I think there’s plenty more to look at going forward.
There are a lot of curious questions about this. He publicly admits to a felony during the 2014 campaign.
(note: Paxton spokesman Anthony Holm to WFAA: “The Securities Board was very clear this was no crime.It was resolved last spring. It was a civil event. It was a $1,000 fine. And we are only here because of liberal activists.”)
Why didn’t anybody (on the Republican ticket) do anything. They just ignored it
Dan Branch tried not to ignore it but he couldn’t get the attention.
It was just like they were going to give him a pass and I think that needs to be explored. I’m talking about how the law required the Securities Board to refer it to a DA and/or the attorney general. (Governor, then Attorney General Greg) Abbott can’t say he didn’t know anything about it because the confession, as it were, was signed and made public. There are just a lot of questions that have not been answered.
Republicans have to be a little bit hesitant about rushing to his defense because he has confessed to one of the felonies and these other two serious first degree felonies, we don’t know what they are.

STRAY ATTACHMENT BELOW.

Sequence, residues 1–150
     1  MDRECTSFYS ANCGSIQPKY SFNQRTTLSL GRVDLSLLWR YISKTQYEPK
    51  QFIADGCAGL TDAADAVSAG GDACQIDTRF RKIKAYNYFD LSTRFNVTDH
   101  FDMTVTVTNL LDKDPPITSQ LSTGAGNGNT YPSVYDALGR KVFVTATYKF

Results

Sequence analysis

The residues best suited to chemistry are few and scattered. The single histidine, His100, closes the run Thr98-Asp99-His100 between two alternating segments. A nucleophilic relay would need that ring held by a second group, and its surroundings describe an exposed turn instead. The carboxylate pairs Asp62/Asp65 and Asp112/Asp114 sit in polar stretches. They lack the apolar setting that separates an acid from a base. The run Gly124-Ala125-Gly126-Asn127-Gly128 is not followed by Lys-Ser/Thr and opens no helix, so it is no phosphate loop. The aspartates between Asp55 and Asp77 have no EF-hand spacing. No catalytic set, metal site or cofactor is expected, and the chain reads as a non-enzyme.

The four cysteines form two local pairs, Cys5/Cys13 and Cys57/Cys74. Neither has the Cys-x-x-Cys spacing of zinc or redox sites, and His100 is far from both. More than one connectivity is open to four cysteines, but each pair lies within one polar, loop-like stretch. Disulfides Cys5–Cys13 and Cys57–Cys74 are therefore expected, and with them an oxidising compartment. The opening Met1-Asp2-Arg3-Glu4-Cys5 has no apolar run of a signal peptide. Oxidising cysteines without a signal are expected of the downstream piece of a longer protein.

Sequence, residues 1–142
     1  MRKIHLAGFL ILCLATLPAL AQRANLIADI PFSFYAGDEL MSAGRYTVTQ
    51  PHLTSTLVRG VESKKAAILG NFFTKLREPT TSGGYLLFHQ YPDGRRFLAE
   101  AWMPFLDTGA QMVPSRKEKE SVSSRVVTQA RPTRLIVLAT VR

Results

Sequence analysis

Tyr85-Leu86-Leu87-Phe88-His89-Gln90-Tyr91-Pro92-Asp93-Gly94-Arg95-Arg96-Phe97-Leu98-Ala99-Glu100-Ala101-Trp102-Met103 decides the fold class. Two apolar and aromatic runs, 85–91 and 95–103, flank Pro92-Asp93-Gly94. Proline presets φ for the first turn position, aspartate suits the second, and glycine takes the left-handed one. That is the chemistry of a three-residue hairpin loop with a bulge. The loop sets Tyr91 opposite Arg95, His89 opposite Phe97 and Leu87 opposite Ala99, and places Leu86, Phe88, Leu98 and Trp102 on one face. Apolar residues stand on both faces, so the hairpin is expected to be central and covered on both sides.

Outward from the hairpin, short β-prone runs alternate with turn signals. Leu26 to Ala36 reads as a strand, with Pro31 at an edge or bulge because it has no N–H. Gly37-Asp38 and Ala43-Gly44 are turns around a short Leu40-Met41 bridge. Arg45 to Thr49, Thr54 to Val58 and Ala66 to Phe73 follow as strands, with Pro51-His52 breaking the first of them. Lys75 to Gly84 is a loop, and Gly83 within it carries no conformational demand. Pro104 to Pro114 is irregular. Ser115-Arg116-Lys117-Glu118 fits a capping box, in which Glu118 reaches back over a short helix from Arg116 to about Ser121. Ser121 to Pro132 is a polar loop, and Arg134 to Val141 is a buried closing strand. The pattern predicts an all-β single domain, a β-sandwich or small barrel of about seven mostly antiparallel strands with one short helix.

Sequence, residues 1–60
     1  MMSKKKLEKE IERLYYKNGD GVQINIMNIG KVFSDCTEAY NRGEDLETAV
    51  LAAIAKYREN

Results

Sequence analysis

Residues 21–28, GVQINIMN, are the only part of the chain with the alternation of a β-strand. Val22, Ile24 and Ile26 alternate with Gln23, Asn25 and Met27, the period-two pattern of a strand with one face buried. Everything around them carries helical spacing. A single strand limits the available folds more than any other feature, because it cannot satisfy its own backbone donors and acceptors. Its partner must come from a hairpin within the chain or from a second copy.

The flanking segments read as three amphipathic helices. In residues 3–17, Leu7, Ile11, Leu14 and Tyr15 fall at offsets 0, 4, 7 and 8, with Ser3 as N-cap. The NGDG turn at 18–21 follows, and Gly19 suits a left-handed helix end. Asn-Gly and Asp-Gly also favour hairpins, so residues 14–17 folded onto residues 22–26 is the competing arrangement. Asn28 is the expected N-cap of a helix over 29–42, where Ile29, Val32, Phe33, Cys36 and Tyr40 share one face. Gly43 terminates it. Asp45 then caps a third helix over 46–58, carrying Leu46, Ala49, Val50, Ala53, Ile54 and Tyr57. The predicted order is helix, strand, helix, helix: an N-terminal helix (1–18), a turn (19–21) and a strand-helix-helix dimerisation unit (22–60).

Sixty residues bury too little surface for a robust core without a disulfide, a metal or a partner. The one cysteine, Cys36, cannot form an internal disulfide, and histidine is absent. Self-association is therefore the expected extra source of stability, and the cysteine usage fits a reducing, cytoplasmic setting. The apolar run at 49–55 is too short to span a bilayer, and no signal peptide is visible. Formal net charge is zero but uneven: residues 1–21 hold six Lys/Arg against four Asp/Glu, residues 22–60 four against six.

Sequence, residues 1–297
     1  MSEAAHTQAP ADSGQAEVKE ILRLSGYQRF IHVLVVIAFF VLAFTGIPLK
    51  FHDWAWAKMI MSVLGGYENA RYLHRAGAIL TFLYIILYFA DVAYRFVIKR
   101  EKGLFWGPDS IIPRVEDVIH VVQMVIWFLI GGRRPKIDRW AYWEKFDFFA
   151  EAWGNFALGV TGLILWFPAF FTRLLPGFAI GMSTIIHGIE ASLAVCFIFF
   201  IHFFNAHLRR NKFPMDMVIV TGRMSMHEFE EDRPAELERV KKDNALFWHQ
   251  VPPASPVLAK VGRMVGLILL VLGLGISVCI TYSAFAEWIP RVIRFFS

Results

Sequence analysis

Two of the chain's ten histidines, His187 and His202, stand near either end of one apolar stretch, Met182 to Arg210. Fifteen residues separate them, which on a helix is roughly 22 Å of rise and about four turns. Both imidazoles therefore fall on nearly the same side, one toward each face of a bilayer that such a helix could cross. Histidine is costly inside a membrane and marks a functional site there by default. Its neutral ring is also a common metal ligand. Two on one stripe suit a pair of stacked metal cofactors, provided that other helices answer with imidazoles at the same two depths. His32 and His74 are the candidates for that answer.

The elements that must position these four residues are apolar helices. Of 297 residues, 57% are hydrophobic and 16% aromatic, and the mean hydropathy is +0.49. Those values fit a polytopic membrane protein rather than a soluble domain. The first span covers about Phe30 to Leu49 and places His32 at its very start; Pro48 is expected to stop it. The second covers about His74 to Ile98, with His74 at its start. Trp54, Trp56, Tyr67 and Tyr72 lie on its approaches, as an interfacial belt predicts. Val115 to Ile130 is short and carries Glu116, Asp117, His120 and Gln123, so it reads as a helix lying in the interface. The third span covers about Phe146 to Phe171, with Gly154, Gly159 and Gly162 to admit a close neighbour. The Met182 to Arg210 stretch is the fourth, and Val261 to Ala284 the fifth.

It’s different than Perry. One you don’t have a Rosemary Lehmberg to run against and, two, they don’t have $2 million to spend on a public relations campaign.
So he can’t fight back (in the same way.) And three, this was the Texas Rangers and Collin County so he can’t claim a political with hunt. So I think you are going to find Republicans are going to be more standoffish because it looks worse and it’s coming at the beginning of his term. And I think their silence speaks volumes.
If he’s forced to resign it’s going to be Republicans forcing him out. Remember there’s still a federal investigation underway.
Honestly, I think he has to talk to the press. Now that he’s indicted, it’s just going to look terrible if he did what he did during the campaign and hide from the press.
I don’t think you can be the attorney general of Texas and completely hide from the press while you’re under indictment. I just don’t think he can disappear. He can try it but it’s going to hurt him in the short and the long term.
He can’t spend campaign funds on his legal defense because his crimes were personal crimes and didn’t involve in any ways his office, but isn’t it a weird thing that he could have a legal defense and raise money for it and how contributors to it might gain influence to the attorney general’s office?
He needs to stay in office to be able to raise money for his defense fund.